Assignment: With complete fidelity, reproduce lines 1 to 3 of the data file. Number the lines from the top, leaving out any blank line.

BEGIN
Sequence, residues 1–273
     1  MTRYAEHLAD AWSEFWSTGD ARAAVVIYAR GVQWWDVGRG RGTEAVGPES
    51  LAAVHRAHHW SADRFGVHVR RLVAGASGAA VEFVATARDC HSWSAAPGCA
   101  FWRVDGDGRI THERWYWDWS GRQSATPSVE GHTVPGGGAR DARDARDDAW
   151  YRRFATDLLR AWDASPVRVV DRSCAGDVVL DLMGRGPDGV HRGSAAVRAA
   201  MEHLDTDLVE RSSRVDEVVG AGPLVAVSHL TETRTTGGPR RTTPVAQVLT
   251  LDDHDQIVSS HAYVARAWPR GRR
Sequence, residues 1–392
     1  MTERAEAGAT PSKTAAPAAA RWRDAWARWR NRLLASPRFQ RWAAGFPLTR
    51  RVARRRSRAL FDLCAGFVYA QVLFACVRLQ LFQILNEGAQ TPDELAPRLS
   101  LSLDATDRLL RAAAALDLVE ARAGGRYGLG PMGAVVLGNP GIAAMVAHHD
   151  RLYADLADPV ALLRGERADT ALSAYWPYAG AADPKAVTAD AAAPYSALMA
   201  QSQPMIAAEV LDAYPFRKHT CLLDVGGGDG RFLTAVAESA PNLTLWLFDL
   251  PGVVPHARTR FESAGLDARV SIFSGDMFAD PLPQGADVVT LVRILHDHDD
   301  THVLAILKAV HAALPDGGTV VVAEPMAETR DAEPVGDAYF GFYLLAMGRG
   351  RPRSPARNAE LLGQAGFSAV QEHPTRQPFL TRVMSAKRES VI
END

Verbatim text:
Sequence, residues 1–273
     1  MTRYAEHLAD AWSEFWSTGD ARAAVVIYAR GVQWWDVGRG RGTEAVGPES
    51  LAAVHRAHHW SADRFGVHVR RLVAGASGAA VEFVATARDC HSWSAAPGCA